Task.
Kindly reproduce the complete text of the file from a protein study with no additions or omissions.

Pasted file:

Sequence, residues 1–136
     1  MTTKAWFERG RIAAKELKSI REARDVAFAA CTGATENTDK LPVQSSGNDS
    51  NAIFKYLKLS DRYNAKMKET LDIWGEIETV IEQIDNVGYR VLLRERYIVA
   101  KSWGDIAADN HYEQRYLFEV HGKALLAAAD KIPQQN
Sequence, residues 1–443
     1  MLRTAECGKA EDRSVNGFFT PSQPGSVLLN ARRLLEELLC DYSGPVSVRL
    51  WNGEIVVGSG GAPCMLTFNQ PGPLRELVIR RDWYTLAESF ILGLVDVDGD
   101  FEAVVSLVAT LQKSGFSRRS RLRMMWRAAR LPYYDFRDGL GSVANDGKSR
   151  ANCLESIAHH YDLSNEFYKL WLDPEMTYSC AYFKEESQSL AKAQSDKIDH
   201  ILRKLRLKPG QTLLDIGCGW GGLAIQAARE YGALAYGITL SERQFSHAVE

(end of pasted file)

Sequence, residues 1–136
     1  MTTKAWFERG RIAAKELKSI REARDVAFAA CTGATENTDK LPVQSSGNDS
    51  NAIFKYLKLS DRYNAKMKET LDIWGEIETV IEQIDNVGYR VLLRERYIVA
   101  KSWGDIAADN HYEQRYLFEV HGKALLAAAD KIPQQN
Sequence, residues 1–443
     1  MLRTAECGKA EDRSVNGFFT PSQPGSVLLN ARRLLEELLC DYSGPVSVRL
    51  WNGEIVVGSG GAPCMLTFNQ PGPLRELVIR RDWYTLAESF ILGLVDVDGD
   101  FEAVVSLVAT LQKSGFSRRS RLRMMWRAAR LPYYDFRDGL GSVANDGKSR
   151  ANCLESIAHH YDLSNEFYKL WLDPEMTYSC AYFKEESQSL AKAQSDKIDH
   201  ILRKLRLKPG QTLLDIGCGW GGLAIQAARE YGALAYGITL SERQFSHAVE